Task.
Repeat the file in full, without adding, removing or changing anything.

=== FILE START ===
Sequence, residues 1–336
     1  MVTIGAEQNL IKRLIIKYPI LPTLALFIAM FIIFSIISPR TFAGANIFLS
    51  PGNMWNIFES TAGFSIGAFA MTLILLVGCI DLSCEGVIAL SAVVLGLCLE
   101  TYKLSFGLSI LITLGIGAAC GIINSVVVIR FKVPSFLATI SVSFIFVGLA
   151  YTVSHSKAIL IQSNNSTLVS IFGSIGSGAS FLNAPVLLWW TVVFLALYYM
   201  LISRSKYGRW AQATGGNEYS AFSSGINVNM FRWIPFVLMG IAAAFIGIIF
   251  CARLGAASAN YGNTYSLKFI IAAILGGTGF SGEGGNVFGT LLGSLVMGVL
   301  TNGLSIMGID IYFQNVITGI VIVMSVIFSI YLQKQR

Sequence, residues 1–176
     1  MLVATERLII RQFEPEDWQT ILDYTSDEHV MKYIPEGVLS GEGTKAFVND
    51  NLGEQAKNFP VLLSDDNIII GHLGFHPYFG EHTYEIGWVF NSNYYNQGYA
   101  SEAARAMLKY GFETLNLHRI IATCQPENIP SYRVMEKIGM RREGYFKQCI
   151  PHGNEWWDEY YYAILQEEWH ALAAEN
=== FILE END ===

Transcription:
Sequence, residues 1–336
     1  MVTIGAEQNL IKRLIIKYPI LPTLALFIAM FIIFSIISPR TFAGANIFLS
    51  PGNMWNIFES TAGFSIGAFA MTLILLVGCI DLSCEGVIAL SAVVLGLCLE
   101  TYKLSFGLSI LITLGIGAAC GIINSVVVIR FKVPSFLATI SVSFIFVGLA
   151  YTVSHSKAIL IQSNNSTLVS IFGSIGSGAS FLNAPVLLWW TVVFLALYYM
   201  LISRSKYGRW AQATGGNEYS AFSSGINVNM FRWIPFVLMG IAAAFIGIIF
   251  CARLGAASAN YGNTYSLKFI IAAILGGTGF SGEGGNVFGT LLGSLVMGVL
   301  TNGLSIMGID IYFQNVITGI VIVMSVIFSI YLQKQR

Sequence, residues 1–176
     1  MLVATERLII RQFEPEDWQT ILDYTSDEHV MKYIPEGVLS GEGTKAFVND
    51  NLGEQAKNFP VLLSDDNIII GHLGFHPYFG EHTYEIGWVF NSNYYNQGYA
   101  SEAARAMLKY GFETLNLHRI IATCQPENIP SYRVMEKIGM RREGYFKQCI
   151  PHGNEWWDEY YYAILQEEWH ALAAEN